Nova Scotia

Police chief died of natural causes

An autopsy has confirmed that the sudden death of Myles Burke, chief of the Cape Breton Regional police force, was due to natural causes.
Myles Burke had been a police officer for 30 years. (Cape Breton Regional Police Services)

An autopsy has confirmed that the sudden death of Myles Burke, chief of the Cape Breton Regional Police Services, was due to natural causes.

Halifax police released the results of the post mortem Sunday, but didn't give the specific cause.

Burke's body was found in a car in the parking lot of a Halifax hotel on Saturday. He had been in town for meetings with other Nova Scotia police forces.

"He was found by two of his own officers who were staying in the same hotel," said Halifax police spokeswoman Theresa Rath. "They thought he was asleep, but he was deceased when they opened the car door."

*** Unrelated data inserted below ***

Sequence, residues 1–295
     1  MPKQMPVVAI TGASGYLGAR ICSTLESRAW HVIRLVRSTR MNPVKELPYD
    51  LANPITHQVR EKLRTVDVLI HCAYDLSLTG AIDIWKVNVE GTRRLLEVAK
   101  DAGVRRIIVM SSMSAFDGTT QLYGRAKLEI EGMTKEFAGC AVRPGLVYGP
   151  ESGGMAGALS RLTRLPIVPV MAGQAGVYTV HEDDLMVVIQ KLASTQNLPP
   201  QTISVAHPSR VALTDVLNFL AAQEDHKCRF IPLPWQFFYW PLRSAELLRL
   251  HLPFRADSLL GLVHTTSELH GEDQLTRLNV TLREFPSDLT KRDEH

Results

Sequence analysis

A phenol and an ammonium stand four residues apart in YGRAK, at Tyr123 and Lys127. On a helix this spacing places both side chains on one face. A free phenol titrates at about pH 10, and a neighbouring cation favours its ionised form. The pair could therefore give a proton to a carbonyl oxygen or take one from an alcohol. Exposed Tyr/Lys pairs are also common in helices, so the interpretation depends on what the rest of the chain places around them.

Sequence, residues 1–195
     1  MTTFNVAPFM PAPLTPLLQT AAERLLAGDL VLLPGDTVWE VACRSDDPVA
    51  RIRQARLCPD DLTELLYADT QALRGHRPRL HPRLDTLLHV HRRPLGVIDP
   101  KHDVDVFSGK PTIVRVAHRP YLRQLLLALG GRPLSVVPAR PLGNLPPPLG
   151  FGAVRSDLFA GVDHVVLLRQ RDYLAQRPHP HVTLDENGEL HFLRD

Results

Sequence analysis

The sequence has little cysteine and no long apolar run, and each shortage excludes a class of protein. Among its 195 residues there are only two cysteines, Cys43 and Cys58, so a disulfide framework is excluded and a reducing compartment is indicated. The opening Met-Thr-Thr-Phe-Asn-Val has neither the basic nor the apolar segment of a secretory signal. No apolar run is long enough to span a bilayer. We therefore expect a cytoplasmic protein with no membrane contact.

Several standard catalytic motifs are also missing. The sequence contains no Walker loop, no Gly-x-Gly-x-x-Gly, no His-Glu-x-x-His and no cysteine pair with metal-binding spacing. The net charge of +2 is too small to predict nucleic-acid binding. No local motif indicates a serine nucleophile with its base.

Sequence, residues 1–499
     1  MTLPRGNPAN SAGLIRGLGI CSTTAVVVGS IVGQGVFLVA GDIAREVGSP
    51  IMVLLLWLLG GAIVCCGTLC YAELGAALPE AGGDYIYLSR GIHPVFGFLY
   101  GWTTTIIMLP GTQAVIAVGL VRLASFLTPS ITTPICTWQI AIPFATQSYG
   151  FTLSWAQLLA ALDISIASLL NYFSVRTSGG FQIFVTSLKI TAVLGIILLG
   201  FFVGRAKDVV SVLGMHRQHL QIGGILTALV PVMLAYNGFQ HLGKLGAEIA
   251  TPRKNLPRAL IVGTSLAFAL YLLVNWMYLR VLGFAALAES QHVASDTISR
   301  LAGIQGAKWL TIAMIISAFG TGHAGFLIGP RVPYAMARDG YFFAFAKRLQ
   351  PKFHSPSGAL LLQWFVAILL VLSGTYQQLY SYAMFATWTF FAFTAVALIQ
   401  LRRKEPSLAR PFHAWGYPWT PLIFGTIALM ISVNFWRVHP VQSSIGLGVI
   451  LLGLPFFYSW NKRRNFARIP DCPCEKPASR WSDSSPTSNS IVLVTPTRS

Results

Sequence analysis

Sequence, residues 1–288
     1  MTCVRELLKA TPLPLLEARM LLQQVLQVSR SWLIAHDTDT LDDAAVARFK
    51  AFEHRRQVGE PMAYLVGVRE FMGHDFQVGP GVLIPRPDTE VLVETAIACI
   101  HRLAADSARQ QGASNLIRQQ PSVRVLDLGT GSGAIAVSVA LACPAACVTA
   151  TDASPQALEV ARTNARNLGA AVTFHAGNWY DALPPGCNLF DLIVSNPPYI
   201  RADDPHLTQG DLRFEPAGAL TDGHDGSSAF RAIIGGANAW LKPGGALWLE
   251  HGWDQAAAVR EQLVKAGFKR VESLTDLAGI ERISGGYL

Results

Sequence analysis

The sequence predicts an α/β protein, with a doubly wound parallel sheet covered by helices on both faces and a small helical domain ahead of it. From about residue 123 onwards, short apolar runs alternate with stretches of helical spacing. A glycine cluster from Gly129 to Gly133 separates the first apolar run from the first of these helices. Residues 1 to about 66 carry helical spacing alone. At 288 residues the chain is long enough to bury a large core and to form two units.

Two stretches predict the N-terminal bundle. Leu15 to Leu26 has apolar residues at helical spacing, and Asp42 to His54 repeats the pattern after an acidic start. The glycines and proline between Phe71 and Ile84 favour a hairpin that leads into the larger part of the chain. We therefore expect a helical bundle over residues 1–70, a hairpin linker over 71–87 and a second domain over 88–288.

His death at 49 is being described by his peers as a major loss to policing in the province.

Chief Frank Beazley of the Halifax force said he had been meeting with his colleague just two days before and Burke's death came as a complete shock.

Burke had been in charge of the Cape Breton police force for two years.

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